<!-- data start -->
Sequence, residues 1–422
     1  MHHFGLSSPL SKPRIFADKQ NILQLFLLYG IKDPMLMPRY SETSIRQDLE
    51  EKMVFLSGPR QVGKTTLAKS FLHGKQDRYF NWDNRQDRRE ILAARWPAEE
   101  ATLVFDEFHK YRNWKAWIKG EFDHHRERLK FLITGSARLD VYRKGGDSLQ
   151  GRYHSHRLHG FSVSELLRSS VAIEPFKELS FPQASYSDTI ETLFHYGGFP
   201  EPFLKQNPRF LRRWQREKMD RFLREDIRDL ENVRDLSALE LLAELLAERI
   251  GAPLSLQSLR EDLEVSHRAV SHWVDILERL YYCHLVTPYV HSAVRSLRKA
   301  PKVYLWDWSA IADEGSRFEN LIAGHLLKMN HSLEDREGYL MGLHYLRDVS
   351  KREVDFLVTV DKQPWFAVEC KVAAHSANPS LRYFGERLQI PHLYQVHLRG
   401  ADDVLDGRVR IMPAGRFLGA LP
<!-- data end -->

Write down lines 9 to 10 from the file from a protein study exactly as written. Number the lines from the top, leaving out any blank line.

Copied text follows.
   351  KREVDFLVTV DKQPWFAVEC KVAAHSANPS LRYFGERLQI PHLYQVHLRG
   401  ADDVLDGRVR IMPAGRFLGA LP